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Heart Disease Awareness

heart attack symptoms in women and men

Heart disease is the leading cause of death in the United States, according to the Centers for Disease Control and Prevention (CDC). In the United States, one in every four deaths is the result of heart disease. That’s approximately 655,000 people who die from the condition each year. While it can be deadly, in most people, heart disease can be prevented. Living a healthy lifestyle can lower your risk for heart disease and heart attack. 

Heart disease is a broad term that includes a number of cardiovascular problems. There are several different diseases and conditions that fall under heart disease, and depending on the type, different symptoms will be present. Types of heart disease include:

  • Arrhythmia - heart rhythm abnormality
  • Atherosclerosis - hardening of the arteries
  • Cardiomyopathy - a condition that causes the heart’s muscles to harden or grow weak
  • Congenital heart defects - heart irregularities that are present at birth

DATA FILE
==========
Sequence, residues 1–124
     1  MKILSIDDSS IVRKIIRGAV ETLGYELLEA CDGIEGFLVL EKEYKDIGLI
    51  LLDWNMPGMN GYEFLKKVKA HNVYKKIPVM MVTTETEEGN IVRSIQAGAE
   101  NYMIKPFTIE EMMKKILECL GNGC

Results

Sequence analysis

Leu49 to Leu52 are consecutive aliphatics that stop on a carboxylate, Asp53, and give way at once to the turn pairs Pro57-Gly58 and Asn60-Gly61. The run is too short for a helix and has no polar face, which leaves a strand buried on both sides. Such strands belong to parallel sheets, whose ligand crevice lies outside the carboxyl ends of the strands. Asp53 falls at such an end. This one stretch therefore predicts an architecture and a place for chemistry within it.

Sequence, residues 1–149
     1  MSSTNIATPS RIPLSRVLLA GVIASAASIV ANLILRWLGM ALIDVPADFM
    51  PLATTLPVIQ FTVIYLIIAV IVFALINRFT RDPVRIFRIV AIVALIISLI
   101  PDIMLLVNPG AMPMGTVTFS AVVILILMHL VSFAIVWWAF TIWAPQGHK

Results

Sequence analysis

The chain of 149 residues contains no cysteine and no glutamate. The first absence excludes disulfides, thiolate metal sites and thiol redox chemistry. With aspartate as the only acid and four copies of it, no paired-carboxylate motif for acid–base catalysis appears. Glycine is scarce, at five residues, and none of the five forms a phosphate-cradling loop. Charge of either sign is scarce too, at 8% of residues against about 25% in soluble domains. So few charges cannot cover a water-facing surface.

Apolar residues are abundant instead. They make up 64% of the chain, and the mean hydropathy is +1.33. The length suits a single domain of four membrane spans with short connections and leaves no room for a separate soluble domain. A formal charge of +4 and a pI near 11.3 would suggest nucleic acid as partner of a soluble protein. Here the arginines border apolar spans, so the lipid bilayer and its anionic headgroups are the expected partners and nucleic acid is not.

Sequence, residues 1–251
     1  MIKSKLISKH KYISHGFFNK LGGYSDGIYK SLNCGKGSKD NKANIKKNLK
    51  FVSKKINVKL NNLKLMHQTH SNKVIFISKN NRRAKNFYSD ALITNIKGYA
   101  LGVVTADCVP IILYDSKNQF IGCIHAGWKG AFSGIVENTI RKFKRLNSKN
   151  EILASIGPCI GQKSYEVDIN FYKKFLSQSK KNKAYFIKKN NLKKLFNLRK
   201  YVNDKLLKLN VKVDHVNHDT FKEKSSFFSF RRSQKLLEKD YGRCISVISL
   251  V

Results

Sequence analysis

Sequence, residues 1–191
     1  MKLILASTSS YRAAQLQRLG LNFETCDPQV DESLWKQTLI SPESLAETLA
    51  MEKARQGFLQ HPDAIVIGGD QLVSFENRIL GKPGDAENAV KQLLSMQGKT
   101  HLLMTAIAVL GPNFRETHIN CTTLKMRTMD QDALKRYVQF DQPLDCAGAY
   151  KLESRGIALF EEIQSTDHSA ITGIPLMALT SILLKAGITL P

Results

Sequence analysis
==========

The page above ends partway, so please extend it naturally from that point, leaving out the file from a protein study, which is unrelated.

• Coronary artery disease (CAD) - caused by the buildup of plaque in the heart’s arteries, sometimes called ischemic heart disease
  • Heart infections - may be caused by bacteria, viruses, or parasites.

There are many risk factors for heart disease. The CDC says that around 47 percent of Americans have at least one risk factor for heart disease. Some risk factors are controllable, and examples of these include:

  • high blood pressure
  • high cholesterol and low levels of high-density lipoprotein (HDL), the “good” cholesterol
  • smoking
  • obesity
  • physical inactivity

With healthier lifestyle habits, you can potentially live longer and have a healthier heart. These habits can also help you treat the condition and prevent it from getting worse. Your diet is one of those you may seek to change.

Risk factors for heart disease you cannot control include:

  • family history
  • ethnicity
  • sex
  • age

Annual physical exams with your healthcare provider are vital in diagnosing heart disease. During your appointments, make sure you communicate about your family history and other risk factors. This information is essential to the provider, so you and your healthcare team can work together to prevent or treat conditions that can lead to heart disease.